To get an idea of what people did for a living it is useful to look at birth records because the Austrian form required listing the baby, the name and occupation of the father as well as the name of the mother, her parents and their occupation. Thus with one birth we can capture the occupation of two families one generation apart. While this information is not always provided, in the majority of cases we see fairly complete information.

I looked at a five year period around 1880 and while this does not cover every family, it probably covers more than half and is statistically valid for the remainder. My source is the raw data on JRI Poland. Another source of general information is the map room of Gesher Galicia.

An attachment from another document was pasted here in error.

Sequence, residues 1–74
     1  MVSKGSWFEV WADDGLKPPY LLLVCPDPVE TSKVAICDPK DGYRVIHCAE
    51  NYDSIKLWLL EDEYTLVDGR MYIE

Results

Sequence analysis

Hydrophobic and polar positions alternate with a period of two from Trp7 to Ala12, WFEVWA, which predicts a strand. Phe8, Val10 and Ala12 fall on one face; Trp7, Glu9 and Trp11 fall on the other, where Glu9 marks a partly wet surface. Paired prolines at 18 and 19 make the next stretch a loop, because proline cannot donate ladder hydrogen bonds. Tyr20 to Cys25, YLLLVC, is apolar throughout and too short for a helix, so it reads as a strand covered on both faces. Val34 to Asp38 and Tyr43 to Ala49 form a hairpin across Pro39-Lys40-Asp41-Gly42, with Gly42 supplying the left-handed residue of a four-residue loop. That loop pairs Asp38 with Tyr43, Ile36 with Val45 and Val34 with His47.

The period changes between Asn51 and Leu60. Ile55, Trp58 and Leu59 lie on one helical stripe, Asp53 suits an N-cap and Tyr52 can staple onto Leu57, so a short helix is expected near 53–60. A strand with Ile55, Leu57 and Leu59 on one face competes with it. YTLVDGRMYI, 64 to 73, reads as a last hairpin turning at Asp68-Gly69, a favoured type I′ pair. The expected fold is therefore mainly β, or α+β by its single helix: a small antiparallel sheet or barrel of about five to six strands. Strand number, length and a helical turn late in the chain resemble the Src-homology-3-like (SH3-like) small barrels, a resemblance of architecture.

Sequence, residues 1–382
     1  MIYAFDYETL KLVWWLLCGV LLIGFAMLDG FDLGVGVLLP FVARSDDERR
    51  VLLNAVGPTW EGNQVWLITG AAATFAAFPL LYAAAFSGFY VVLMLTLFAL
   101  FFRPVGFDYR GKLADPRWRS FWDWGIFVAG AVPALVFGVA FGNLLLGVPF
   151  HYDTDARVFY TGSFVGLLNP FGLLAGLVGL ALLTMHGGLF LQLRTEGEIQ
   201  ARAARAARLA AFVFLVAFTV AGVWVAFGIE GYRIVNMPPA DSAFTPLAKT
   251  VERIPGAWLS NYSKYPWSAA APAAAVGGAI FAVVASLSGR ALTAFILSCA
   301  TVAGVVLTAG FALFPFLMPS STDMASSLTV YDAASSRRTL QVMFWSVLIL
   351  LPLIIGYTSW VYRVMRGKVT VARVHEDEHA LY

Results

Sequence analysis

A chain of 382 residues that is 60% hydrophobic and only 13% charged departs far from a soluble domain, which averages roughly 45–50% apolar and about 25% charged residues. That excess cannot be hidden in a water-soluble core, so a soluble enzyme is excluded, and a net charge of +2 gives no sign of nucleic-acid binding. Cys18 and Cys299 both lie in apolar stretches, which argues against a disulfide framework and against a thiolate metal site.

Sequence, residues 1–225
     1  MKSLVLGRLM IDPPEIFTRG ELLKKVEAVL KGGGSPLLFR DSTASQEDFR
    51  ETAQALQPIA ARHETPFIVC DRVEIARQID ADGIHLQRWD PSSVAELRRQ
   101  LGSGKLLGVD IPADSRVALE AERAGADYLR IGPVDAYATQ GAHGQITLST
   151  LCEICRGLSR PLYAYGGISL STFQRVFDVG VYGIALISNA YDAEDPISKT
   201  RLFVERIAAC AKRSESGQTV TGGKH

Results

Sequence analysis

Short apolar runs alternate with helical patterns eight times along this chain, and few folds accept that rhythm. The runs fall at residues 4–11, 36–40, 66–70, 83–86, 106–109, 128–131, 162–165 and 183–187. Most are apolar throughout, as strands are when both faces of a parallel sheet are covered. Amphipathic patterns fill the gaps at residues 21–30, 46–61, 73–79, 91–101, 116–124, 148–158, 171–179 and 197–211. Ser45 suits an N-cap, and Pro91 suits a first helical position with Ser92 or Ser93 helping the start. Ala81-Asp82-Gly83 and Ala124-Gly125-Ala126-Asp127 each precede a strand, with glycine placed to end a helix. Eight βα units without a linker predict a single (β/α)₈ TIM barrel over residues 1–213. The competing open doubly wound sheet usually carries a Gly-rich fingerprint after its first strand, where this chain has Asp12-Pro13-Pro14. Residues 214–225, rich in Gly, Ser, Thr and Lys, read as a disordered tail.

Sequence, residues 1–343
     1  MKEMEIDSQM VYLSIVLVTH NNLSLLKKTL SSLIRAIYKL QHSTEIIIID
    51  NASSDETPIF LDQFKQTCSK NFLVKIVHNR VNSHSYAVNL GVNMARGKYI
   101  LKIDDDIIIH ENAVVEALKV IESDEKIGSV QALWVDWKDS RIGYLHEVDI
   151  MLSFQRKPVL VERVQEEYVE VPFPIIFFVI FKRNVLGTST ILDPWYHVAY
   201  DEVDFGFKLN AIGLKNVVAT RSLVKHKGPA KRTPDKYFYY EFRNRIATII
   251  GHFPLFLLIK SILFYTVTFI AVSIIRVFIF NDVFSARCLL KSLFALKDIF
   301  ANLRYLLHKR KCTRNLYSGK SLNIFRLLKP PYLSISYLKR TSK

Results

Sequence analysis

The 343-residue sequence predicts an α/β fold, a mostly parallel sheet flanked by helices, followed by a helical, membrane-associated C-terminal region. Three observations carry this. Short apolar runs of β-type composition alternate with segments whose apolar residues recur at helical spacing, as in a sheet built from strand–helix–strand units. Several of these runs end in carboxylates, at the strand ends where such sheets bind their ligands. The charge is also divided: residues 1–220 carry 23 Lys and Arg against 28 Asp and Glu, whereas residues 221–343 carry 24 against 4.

The maps of Galicia in the map room from the late 1700’s to 1848 tell a fairly consistent story. A little shtetl like Uscie Biskupie in a largely agrarian economy before it was touched by the industrial revolution lives off the small farmers around the shtetl where they come to sell their produce, to buy their basic necessities and, of course, to drink. Uscie is essentially surrounded by the Dniester River on three sides with no access to the farms and villages and with limited access to the area farms mainly to the north. What is worse is the fact that its entire east side is not only a river but the border of the Russian empire; hence limited geographic and political access. We therefore note on those maps a very narrow road running down from the much larger towns to the north and ending at Uscie. Uscie is in the sub district of Mielnica and is a very short distance from the town of Mielnica to the east. Not surprising, Uscie is small in the first half of the 1800’s. However, the recently published statistical map of 1878, a treasure of information, tells a different story. The geographic and political barriers are still there, but we now note better highways from the north into Uscie, a small two kilometer road to the west from Uscie crossing the river and running south into Bucovina, Czernowitz and beyond. This bridge joining two provinces of the Austrian empire (the next bridge is several kilometers up river to the west at Zaleszczyki) turns Uscie now into an important station on a trade route. The bridge was probably built in the 1860’s when the rapid increase in the Jewish population was on its way. There is a village called Samuszyn on the other shore of the Dniester on the Bucovina side some three kilometers from Uscie and a few Uscie families set up shop there predominantly a branch of the Geller clan.